To consider CDT, the emergency physician must first establish the diagnosis of iliofemoral DVT. Ultrasound, the primary diagnostic modality for DVT, is limited to the diagnosis of DVT in the venous system distal to the inguinal ligament. The iliac veins cannot usually be visualized by ultrasound and a different diagnostic modality must be used. Herein lies the importance of CT venography from which venous occlusion proximal to the inguinal ligament may be detected. Alternatively, MRI may be used. The diagnosis of iliofemoral DVT should be considered if the ultrasound examination reveals thrombus extending into the superficial femoral vein at the inguinal ligament. A CT venogram should be obtained to assess for proximal thrombus. Once the diagnosis of iliofemoral DVT has been confirmed, an interventional radiology consultation may be considered for possible CDT.
The SIR authors acknowledged the lack of a randomized controlled study on CDT and discussed the bleeding risks. Although the pooled data cited an 8% cumulative bleeding rate, mostly at the catheter insertion site, the range of major bleeding reported was actually 0% to 24%. Adequate anticoagulant therapy alone does not dissolve the thrombus and the iliofemoral vein is often permanently damaged. It is therefore reasonable to assume that a targeted, image-guided approach, delivering a bolus of thrombolytic drug directly into the thrombosed vein, will provide immediate symptomatic relief as well as reestablish vessel patency. What is not known, however, is the frequency of fatal complications and the magnitude of benefit that this intervention provides.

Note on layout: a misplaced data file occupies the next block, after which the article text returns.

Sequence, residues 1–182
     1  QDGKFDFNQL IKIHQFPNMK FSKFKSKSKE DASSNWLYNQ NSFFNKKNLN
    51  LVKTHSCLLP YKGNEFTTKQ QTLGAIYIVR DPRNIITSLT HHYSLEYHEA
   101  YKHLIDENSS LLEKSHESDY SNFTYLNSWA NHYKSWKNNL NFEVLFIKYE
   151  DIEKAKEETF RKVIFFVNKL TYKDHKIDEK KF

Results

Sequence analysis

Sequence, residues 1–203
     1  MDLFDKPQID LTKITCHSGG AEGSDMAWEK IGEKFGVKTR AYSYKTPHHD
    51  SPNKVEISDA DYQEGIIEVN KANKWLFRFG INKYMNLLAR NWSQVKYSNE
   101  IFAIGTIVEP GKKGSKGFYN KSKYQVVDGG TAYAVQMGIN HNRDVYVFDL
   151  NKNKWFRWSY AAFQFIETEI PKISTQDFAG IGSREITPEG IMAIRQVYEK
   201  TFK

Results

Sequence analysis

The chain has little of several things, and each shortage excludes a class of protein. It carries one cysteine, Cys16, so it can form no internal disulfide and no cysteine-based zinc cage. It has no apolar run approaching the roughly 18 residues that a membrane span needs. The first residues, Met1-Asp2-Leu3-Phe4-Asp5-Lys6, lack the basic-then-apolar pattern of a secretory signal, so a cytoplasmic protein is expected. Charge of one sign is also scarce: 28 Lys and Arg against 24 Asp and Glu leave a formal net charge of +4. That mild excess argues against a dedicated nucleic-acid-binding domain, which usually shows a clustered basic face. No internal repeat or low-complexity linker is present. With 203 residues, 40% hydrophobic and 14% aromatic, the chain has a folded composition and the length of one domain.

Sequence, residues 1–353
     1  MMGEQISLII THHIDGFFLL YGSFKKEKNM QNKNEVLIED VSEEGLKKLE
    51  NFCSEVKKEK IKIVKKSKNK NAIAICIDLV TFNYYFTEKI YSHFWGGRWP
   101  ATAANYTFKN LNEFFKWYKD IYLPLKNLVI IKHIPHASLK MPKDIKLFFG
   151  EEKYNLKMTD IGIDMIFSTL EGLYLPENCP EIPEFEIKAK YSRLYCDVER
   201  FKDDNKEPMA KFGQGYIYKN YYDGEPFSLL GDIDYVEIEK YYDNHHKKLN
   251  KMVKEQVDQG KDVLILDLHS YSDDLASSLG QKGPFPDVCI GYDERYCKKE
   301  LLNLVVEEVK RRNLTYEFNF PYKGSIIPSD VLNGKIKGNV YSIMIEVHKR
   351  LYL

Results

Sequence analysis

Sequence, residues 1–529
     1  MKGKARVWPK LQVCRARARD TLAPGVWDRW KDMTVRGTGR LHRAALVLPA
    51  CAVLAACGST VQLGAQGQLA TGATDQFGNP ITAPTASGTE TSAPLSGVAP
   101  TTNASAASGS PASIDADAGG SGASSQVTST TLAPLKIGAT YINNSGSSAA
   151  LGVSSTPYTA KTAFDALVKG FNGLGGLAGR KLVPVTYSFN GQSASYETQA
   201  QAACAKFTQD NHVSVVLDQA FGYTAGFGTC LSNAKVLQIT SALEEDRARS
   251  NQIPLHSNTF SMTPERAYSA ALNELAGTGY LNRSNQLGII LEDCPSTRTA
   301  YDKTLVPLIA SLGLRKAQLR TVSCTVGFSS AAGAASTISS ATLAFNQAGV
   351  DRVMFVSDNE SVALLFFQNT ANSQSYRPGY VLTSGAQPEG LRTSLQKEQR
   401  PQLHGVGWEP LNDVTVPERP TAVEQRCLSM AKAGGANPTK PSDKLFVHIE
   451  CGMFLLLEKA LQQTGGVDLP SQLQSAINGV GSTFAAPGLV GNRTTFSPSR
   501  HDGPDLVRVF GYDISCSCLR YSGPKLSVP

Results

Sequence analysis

Furthermore, does restoring venous patency prevent PTS? The dichotomy arises in patients with iliofemoral DVT but without vascular compromise. These patients are usually treated conservatively with anticoagulant therapy alone. But younger patients in this cohort with extensive iliofemoral DVT may derive the most long-term clinical benefit from CDT even in the absence of vascular compromise. In selected cases of iliofemoral DVT, interventional catheter-directed thrombolysis can achieve all the goals of therapy for DVT, but without larger randomized trials, emergency physicians must use their best clinical judgment and evaluate the risk of complications against the potential benefits. More importantly, however, emergency physicians should consider the diagnosis of iliofemoral DVT, order the most appropriate imaging study, recognize the indications for CDT, and consult when necessary.
New Anticoagulant for DVT: Ximelagatran — An Oral Direct Thrombin Inhibitor
Source: Fiessinger JN, et al. Ximelagatran vs low-molecular-weight heparin and warfarin for the treatment of deep vein thrombosis: a randomized trial. JAMA 2005;293: 681-689.